To The Daily Sun,
I am not only a supporter of Free the Nipple, but I am the woman who organized this movement in New Hampshire with the help of Heidi Lilley. People ask me why I go topless. It is because I can and I want to. Not only is it a legal right, but I hope someday society will accept a topless woman sunbathing just as it accepts a topless man.
The many double standards I see surrounding this issue upset me. I am not going topless because I want attention or want people to see my breasts. I am not being sexual. Why is it that if a man goes topless at the beach no one assumes it is because he is looking for attention? Men go topless because they want to and many times, for comfort. Why is it not the same for women?
I do not understand why when a woman shows "too much skin" it is automatically assumed she is being sexual. This screams of rape culture and victim blaming to me. No one would ever say that a man was raped or harassed because he was topless. That is absurd.
I enjoy swimming at the beach without a top, just like men do. How can we tell half the population that a body part that all humans have is obscene and sexual, especially, when the half we are telling that to, are the ones who feed our children? Couldn't one argue that a man's chest is actually more sexual because it does not have a purpose the way a woman's does? To me, this is like stealing breasts not only from the woman, to whom they belong, but also from our children. Breasts are for babies and children, not men or lovers. Breasts and nipples are not completely and only sexual objects.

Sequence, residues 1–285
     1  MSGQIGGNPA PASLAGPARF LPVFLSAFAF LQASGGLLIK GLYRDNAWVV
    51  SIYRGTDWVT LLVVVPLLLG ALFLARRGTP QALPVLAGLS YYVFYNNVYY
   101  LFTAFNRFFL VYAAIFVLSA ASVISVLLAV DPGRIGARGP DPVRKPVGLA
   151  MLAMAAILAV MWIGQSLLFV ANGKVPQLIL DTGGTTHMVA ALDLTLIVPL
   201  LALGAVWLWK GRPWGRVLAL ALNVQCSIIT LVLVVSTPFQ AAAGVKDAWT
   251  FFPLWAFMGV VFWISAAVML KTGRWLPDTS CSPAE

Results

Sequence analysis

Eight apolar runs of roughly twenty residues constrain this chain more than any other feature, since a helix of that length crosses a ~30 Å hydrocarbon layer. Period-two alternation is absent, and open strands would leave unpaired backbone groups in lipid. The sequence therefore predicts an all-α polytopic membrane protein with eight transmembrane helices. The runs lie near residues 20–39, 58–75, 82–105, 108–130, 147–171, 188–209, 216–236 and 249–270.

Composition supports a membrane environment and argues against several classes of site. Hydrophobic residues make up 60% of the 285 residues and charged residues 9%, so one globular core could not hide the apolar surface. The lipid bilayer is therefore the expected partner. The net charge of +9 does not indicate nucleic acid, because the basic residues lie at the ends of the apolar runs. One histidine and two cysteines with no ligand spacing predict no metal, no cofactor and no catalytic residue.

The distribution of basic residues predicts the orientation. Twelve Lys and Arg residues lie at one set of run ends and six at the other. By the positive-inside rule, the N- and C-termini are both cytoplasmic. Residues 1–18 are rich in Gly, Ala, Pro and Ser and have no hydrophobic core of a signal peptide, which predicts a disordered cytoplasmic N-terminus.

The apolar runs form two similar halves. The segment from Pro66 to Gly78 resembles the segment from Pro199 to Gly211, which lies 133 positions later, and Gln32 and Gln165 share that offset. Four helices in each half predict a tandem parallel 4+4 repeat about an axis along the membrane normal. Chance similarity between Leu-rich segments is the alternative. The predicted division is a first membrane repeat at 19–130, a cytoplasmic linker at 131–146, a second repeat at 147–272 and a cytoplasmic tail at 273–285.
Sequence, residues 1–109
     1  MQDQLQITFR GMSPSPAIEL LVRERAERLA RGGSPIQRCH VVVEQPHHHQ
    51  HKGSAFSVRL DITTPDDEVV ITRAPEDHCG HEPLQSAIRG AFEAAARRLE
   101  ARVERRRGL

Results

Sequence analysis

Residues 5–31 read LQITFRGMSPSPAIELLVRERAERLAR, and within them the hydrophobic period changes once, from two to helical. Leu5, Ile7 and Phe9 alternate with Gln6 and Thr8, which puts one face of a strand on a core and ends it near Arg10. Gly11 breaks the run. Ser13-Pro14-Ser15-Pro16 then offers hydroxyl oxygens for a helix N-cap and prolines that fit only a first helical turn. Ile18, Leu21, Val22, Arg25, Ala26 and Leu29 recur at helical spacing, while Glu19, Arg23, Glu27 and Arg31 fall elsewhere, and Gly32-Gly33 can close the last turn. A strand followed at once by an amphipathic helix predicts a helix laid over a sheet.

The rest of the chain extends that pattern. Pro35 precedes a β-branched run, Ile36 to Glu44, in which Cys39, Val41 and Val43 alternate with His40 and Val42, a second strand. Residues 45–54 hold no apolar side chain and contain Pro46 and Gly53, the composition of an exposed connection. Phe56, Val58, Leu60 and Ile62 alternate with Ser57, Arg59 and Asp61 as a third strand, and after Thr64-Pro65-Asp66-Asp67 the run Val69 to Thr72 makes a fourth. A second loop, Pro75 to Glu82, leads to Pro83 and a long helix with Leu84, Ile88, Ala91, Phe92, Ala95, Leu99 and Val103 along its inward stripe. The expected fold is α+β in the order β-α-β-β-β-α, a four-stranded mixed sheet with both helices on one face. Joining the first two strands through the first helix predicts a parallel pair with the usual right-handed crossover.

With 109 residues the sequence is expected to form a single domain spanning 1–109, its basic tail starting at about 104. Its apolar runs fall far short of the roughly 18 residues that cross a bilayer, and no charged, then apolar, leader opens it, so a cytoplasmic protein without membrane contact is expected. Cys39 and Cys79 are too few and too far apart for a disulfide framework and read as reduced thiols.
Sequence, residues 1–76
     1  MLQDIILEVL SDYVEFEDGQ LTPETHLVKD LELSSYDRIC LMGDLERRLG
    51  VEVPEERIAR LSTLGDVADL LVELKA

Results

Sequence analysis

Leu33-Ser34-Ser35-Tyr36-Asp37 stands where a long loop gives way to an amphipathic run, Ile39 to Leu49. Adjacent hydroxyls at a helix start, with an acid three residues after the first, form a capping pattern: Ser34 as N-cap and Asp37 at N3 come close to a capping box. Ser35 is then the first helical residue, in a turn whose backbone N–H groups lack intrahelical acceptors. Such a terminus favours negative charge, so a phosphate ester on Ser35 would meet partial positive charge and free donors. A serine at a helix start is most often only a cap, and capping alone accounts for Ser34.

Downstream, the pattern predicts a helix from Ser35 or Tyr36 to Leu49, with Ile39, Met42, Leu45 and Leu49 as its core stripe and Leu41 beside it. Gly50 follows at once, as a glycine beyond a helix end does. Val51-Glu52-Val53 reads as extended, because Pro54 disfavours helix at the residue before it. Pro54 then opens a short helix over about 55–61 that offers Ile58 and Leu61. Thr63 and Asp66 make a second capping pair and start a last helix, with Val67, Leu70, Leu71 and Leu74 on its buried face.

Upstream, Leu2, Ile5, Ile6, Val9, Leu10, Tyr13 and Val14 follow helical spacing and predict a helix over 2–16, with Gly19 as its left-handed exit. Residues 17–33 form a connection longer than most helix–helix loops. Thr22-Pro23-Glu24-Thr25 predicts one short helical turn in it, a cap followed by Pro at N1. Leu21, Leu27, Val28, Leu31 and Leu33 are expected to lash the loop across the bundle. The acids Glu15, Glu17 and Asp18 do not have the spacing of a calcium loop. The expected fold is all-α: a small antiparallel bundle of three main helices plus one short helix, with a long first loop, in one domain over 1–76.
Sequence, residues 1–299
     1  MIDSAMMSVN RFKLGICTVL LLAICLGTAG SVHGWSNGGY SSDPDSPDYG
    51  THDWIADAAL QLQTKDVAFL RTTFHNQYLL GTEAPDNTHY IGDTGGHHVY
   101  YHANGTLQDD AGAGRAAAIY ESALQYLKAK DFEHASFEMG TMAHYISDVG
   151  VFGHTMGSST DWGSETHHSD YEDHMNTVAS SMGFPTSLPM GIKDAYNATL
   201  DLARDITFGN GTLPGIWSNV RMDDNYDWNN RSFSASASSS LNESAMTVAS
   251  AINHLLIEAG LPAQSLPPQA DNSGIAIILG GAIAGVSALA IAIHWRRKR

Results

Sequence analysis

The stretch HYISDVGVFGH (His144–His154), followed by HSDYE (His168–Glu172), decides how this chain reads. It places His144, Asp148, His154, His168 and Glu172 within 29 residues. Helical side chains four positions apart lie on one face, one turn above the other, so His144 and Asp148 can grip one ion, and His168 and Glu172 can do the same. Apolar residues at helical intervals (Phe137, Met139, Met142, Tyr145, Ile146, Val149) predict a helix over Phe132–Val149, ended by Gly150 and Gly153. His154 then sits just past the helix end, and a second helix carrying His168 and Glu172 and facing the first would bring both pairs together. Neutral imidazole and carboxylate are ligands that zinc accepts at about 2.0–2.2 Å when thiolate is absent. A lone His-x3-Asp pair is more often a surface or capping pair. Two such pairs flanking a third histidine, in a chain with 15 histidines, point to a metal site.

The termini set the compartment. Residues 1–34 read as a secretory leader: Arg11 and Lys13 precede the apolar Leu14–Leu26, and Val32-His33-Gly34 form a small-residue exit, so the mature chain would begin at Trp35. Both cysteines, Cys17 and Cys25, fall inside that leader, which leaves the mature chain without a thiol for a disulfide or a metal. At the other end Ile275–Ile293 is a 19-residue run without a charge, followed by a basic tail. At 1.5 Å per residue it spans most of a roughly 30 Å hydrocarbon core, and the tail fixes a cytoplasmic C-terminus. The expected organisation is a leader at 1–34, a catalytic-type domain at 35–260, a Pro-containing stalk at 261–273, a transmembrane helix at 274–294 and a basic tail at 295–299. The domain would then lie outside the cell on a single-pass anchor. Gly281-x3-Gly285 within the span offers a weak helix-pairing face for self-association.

To everyone who thinks that and teaches that, I say, "Shame on you." Shame on you for lying to your children about what a woman's breasts are for and who they belong to. Shame on you for taking away the breast from the woman and the babies for your own sexual pleasure.
If you do not think men should remain covered and their nipples do not bother you, ask yourself why do a woman's nipples bother you? Before 1936 men's nipples were obscene and sexual, too, but because they fought for the right to go topless now we think nothing of seeing a topless man at the beach or pool. But I assure you, if you are offended by female breasts, had you lived before 1936, you would be arguing that men, too, should keep their shirts on.
Just like there is nothing necessarily freeing or liberating about taking your shirt off, there is also nothing necessarily liberating about keeping it on either.
- Category: Letters
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